Street Art for ACLU: Benefit Auction 2017

https://www.artsy.net/auction/street-art-for-aclu-benefit-auction

This site cannot take bids  you must go to Artsy at- https://www.artsy.net/auction/street-art-for-aclu-benefit-auction

ACLU of Southern California + Artsy present Street Art for ACLU: Benefit Auction 2017, featuring Shepard Fairey, Colette Miller, Knowledge Bennett, and more.

For nearly 100 years, the ACLU (American Civil Liberties Union) has been our nation’s guardian of liberty, working in a multitude of ways to preserve the individual rights and liberties that our system of governance was established to provide. In the current political climate, the importance of the ACLU’s efforts is manifold. Art, specifically street art, has long functioned as a political tool—even impacting international politics in profound ways.

We have gathered over forty significant contemporary artists—the large majority of them street artists—to raise awareness for the ACLU and generate support for the organization’s invaluable efforts.

Bidding will be open exclusively on Artsy and will close at 4:00pm PST on April 30th, 2017 (7:00pm ET).


Working primarily in the Downtown, Skid Row, and South Central neighborhoods, Bandit’s art is a fixture of Los Angeles’s streets. Coming from a background in graffiti, Bandit’s increasingly-intricate murals and stencils aim to confront his viewer with the most arresting socio-political issues of our time, with each piece poised to start a dialogue. “Street art,” in the artist’s words, “is more than just writing your name. It becomes a voice, and a responsibility.” His work is a unique expression of activism and social protest in which charged imagery is leveraged by the renegade act of its installation. Bandit has made contributions to Los Angeles’ famed Indian Alley and collaborated with many notable LA contemporaries including Plastic Jesus, WRDSMTH, Teachr, and thrashbird. Committed to work on the street, Bandit remains anonymous and is not represented by a gallery.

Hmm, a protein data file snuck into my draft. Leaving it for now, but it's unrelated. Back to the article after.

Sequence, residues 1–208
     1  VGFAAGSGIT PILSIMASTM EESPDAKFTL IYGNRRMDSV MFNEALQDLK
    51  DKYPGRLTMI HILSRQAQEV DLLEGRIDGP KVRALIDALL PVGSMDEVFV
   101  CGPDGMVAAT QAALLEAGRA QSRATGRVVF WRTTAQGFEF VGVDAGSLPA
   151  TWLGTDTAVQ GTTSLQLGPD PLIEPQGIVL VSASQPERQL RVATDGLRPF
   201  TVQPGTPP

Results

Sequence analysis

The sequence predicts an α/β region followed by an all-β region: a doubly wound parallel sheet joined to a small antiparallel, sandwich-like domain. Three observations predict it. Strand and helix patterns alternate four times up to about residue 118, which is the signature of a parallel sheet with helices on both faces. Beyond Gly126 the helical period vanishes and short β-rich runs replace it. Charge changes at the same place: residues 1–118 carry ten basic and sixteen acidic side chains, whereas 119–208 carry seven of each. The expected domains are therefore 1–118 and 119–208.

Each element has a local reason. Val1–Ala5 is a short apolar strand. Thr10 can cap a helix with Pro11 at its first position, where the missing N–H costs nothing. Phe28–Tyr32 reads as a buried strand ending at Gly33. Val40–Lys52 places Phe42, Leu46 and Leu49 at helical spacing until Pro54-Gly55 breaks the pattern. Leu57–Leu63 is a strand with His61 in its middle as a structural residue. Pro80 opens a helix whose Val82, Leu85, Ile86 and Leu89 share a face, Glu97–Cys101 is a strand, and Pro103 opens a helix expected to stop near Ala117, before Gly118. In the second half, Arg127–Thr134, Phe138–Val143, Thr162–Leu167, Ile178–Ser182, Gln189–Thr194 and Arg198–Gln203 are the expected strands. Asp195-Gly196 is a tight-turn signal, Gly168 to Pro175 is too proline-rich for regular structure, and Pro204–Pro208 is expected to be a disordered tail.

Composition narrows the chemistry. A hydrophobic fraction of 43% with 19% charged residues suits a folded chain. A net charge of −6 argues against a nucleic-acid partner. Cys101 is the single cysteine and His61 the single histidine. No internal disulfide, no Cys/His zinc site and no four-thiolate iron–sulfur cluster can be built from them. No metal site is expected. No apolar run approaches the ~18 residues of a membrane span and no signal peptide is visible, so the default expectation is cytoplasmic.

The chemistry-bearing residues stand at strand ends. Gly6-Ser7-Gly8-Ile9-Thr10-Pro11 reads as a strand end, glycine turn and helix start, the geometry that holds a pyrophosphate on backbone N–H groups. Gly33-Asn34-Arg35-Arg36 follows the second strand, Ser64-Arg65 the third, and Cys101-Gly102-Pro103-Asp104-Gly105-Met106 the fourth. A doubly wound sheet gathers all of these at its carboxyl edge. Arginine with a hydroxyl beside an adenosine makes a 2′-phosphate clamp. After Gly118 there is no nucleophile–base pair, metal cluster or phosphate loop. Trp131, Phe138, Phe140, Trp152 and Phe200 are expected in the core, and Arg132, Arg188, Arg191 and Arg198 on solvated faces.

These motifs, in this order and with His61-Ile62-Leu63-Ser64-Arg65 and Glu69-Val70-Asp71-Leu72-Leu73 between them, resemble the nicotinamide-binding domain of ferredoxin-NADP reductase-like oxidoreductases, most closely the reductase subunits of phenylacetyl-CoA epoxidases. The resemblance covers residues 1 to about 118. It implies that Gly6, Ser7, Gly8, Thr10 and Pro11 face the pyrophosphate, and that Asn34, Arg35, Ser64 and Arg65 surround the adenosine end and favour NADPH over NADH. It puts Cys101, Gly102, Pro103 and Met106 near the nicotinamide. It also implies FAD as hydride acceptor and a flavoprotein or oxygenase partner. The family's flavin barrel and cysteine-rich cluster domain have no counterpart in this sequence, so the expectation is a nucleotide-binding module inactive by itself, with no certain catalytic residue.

—Courtesy of Michael Carli

Signature: Signed

Other Works from the Auction

To view all go to https://www.artsy.net/auction/street-art-for-aclu-benefit-auction

and place your bid

Street Art for ACLU: Benefit Auction 2017 Auction closes Apr 30, 7:00 PM EDT

Bidding closes Apr 30 7:00 PM EDT

+1.646.712.8154


Bansky’s Pink Rescue Ship

Banksy spray painted the vessel with a fire extinguisher.

Banksy’s Pink Rescue Boat Saves Refugees From Mediterranean Sea – 9 & 10 NewsBanksy has bought a working refugee rescue boat (and sprayed it bright pink)
Published 28th August 2020
Banksy has financed a refugee rescue ship, which is now in operation in the Mediterranean Sea.
Credit: Louise Michel

Banksy has bought a working refugee rescue boat (and sprayed it bright pink)
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Written by
Sara Spary
Oscar Holland, CNN
The British street artist Banksy has financed and decorated a bright pink rescue boat to help save the lives of migrants and refugees crossing the Mediterranean from North Africa to Europe.
The ship, which has been named “Louise Michel” after a French anarchist, is a former French navy vessel that Banksy purchased using proceeds from his artwork, according to the new search and rescue mission.
On its website, the Louise Michel project said it aims to “uphold maritime law and rescue anyone in peril without prejudice.   More-  “https://www.cnn.com/style/article/banksy-rescue-ship-scli-intl-gbr/index.html

US dept. of Arts and Culture Coronavirus action

As COVID-19 spreads in the U.S many of us are asking: How do we connect, organize, and deepen community amidst the necessary public health practice of physical distancing? How do we combat the spread of isolation, othering, and fear? How do we learn from BIPOC, queer, and disabled communities on surviving pandemics and caring for each other? How do we stand in solidarity, mutuality, and community care, at this time of social emergency, and use what we learn toward making the systemic change?